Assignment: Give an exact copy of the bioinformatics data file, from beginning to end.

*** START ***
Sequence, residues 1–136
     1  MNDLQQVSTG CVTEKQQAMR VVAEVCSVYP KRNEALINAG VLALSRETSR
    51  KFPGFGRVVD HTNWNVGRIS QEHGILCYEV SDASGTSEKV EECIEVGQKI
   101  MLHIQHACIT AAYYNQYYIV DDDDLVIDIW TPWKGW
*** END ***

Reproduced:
Sequence, residues 1–136
     1  MNDLQQVSTG CVTEKQQAMR VVAEVCSVYP KRNEALINAG VLALSRETSR
    51  KFPGFGRVVD HTNWNVGRIS QEHGILCYEV SDASGTSEKV EECIEVGQKI
   101  MLHIQHACIT AAYYNQYYIV DDDDLVIDIW TPWKGW